A paradigm shift in the attribution of responsibility for women’s human rights violations by transnational corporations

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http://urn.fi/URN:NBN:fi:hulib-201508063161
Title: A paradigm shift in the attribution of responsibility for women’s human rights violations by transnational corporations
Author: Somero, Marika Katariina
Contributor: University of Helsinki, Faculty of Law
Publisher: Helsingfors universitet
Date: 2014
Language: eng
URI: http://urn.fi/URN:NBN:fi:hulib-201508063161
http://hdl.handle.net/10138/135363
Thesis level: master's thesis
Discipline: International law
Kansainvälinen oikeus
Folkrätt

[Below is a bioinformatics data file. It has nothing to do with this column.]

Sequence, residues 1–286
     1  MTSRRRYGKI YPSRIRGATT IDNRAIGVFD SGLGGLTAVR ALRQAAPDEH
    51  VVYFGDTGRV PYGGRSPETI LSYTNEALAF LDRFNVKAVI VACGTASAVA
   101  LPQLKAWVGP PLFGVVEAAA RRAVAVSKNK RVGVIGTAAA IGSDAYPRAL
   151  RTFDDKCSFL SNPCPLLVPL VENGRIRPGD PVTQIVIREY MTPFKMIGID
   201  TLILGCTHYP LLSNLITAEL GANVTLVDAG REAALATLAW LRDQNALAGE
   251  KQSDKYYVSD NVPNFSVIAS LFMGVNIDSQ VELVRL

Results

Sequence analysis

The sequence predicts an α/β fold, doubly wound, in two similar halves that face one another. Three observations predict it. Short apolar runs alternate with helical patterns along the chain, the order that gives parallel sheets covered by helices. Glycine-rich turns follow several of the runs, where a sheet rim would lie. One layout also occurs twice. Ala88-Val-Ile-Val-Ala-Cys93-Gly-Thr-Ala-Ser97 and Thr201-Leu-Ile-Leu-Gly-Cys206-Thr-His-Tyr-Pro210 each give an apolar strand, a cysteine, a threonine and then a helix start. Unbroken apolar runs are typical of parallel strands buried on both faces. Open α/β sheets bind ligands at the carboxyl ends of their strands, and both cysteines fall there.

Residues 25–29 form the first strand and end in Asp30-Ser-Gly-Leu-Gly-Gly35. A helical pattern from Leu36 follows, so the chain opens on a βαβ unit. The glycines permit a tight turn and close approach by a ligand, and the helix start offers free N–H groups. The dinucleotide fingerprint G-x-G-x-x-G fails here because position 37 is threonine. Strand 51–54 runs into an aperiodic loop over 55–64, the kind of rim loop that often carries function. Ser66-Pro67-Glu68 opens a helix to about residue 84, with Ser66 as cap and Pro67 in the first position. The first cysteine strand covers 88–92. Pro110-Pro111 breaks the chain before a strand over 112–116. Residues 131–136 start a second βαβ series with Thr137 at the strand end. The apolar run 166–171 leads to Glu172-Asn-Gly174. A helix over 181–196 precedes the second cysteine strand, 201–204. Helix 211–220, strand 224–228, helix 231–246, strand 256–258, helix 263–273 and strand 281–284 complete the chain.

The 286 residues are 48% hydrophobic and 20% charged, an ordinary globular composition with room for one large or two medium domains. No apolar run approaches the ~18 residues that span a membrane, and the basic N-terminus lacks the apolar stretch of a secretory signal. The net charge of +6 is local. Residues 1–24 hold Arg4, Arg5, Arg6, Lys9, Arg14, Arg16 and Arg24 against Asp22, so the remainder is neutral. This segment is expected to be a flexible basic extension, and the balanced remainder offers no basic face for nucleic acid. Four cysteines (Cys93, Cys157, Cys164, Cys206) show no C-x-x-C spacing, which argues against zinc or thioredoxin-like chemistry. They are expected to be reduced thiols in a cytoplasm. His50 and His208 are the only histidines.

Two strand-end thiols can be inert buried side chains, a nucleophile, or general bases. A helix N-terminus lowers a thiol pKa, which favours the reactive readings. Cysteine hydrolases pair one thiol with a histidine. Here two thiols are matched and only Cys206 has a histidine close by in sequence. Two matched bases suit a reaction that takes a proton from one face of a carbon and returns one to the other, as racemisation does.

Abstract: Globalisation has reconfigured the territoriality and sovereignty, which has traditionally been associated with states. Economic actors, such as transnational corporations, have become powerful actors within the world’s economy and they are increasingly using their economic power to influence the actions of states. Transnational corporations business operations also directly affect the enjoyment of human rights by individuals, especially women. One such case which is considered in this thesis involves a textile manufacturing plant in Jordan called Classic, which produces clothes for some of America’s biggest retailers. The case involves allegations of sexual and physical abuse by the factory’s management against the factory’s female workers. As the case will demonstrate, transnational corporations are increasingly escaping liability for abuses which happen within their corporate structures and supply chains. Due to the power shift which has taken place in the last few decades, states are finding it increasingly more difficult to control the acts of non-state actors. Especially developing nations are often unable to regulate against the powerful transnational conglomerates, due to their economical dependence on the corporations presence in the country. Although international law is directly applicable to states, and most states sign up to international human rights conventions, international human rights law, as it currently stands, does not impose direct human rights obligations on corporations. Also, there are only limited circumstances when states can be held liable for the acts of non-state actors. As a result, the current human rights paradigm suffers from severe governance gap, which is rooted in the statist nature of international law. To address this shift in power dynamics, the thesis examines how the duty to protect individual’s human rights and the responsibility to respect human rights is distributed between states and transnational corporations. This thesis addresses this problem from two fronts: firstly, the thesis examines the current position of non-state actors within the international human rights structure and explores how states can be held liable for human rights violations which are committed by non-state actors, including transnational corporations. States duty to take positive steps to protect individuals within their jurisdictions are examined. International law has adopted a due “diligence” doctrine to address state responsibility in this context. To this end, the thesis reviews the development of the due diligence principle under international law and more specifically under women specific human rights instruments such as Convention on the Elimination of all Forms of Discrimination against Women. Jurisprudence of the European and Americas human rights courts as well as treaty bodies’ deliberations which interpret the due diligence concept are examined. Secondly, international law typically leaves states to regulate corporations via domestic law provisions and international law permits states to enforce international human rights norms against corporations under domestic law. Thus, states can hold corporations criminally and civilly liable for human rights violations under domestic laws, however, corporations do not currently have general obligations under international human rights law. To address this, the thesis examines recent attempts to establish direct human rights responsibilities on corporations within the international human rights system. The UN Draft Norms and John Ruggie’s “Protect, Respect and Remedy” Framework are explored in this context. Both frameworks highlight that corporations have specific duties to respect human rights and the “Protect, Respect and Remedy” Framework provides practical guidance for corporations in discharging this responsibility. The thesis concludes that recent decent developments domestically and internationally are increasingly contributing towards a paradigm shift within the international human rights law system, which is beginning to recognise that states as well as corporations have their distinctive roles to play in protecting human rights.


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